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Awarded for service to Science
Entered on roll: 2006
Lynne Farrell was born in Launceston in 1944, the youngest daughter of a large family, and raised in Longford. After obtaining high achievements at high school in Launceston she embarked on a tertiary degree in veterinary science, beginning her studies in Tasmania and later transferring to Sydney University.
She was the first female veterinary surgeon to practice in Tasmania, paving the way for acceptance of female veterinary practitioners. There are many stories of Lynne working in the Deloraine area in her tidy shirt, tie and apron, calving cows that had stumped large male farmers.
Lynne and the late Simon Ranicar were pioneers of Angora goat genetics in Tasmania. Unusually for the time, in the 1970s and 1980s Lynne was performing embryo transfer in goats.
After the death of her husband, Robert, Lynne was left to raise her son, Fergus. She continued her veterinary practice in Launceston and was well respected as a soft tissue surgeon with a special interest in ophthalmology. She performed surgical techniques that were usually the domain of mainland specialists at the time.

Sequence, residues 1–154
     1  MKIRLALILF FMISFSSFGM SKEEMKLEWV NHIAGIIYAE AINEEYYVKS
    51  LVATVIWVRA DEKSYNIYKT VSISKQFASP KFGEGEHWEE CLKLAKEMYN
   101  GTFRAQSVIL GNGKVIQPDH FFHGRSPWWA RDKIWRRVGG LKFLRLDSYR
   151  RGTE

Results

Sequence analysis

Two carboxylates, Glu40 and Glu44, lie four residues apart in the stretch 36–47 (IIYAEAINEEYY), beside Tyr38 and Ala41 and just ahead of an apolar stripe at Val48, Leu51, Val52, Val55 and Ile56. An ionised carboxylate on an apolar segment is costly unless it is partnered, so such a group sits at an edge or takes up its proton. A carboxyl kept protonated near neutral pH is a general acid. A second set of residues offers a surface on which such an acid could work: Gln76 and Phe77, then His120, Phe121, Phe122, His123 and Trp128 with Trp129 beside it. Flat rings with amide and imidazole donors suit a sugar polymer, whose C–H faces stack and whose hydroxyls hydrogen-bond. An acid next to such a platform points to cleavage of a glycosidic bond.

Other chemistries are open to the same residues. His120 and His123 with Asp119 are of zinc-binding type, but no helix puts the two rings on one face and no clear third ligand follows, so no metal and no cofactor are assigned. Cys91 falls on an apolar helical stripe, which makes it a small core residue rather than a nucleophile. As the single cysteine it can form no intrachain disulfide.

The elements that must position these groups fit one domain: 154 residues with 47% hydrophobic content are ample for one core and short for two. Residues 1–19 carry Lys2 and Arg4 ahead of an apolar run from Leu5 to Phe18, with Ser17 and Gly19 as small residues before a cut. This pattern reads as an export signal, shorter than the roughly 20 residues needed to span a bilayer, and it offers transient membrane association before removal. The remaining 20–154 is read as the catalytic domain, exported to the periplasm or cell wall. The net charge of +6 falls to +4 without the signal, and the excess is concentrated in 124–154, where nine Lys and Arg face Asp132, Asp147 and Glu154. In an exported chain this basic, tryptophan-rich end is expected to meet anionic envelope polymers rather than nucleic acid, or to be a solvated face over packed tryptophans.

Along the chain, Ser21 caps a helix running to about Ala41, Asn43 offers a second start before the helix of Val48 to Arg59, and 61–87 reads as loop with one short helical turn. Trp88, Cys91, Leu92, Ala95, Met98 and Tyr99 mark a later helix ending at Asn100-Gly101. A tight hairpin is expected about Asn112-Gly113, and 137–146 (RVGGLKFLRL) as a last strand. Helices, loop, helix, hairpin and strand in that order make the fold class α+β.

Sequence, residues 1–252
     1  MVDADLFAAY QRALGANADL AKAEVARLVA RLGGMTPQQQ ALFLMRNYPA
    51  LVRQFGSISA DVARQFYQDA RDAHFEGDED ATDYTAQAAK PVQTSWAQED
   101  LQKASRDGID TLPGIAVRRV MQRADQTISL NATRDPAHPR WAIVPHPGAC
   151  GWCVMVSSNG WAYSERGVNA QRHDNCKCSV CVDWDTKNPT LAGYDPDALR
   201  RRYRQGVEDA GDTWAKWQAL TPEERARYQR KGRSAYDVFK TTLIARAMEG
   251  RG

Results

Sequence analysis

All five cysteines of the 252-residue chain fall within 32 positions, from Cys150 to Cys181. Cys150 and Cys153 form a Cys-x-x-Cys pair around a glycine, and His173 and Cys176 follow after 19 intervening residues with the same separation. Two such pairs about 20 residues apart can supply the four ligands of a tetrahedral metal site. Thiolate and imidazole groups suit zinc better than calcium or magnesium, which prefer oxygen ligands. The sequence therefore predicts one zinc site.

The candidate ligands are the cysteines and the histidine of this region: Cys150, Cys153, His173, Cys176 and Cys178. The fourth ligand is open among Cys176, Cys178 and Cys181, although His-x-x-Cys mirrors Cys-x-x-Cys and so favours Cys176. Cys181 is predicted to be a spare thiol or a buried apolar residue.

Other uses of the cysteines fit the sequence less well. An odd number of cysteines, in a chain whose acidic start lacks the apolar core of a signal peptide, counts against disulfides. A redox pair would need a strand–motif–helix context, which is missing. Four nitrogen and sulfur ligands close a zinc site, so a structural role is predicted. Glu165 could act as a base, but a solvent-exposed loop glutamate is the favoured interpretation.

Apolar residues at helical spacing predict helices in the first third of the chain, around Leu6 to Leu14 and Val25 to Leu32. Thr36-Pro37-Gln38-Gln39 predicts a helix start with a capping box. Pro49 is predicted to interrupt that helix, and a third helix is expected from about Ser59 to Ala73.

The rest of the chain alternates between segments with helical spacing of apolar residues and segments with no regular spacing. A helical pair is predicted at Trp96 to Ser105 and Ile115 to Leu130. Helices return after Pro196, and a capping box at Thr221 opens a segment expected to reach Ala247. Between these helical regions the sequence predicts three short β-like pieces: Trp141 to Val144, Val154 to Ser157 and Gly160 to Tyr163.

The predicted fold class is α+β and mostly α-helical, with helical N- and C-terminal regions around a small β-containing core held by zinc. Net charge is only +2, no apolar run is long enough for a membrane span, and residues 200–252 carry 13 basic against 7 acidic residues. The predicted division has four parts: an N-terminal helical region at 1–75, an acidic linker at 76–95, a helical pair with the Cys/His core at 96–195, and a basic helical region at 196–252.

Lynne then married Neale Farrell (Brown Mountain Nursery) and through him developed a deep interest in the art of bonsai. After his sudden death, Lynne single-handedly ran the Tasmanian Bonsai Centre in Riverside, Tasmania.
To further her expertise, Lynne applied for, and was awarded, a Churchill Fellowship to study bonsai in Japan under the Master Sasumu Nakamura. Since her return, she has shared her enthusiasm for this ancient art by teaching bonsai at the Bonsai Centre and through adult education classes. Lynne has also widely exhibited bonsai in the Launceston area.
As well as inspiring and paving the way for women in non-traditional career choices, Lynne has always given back to the community and supported others through volunteer work such as Meals on Wheels.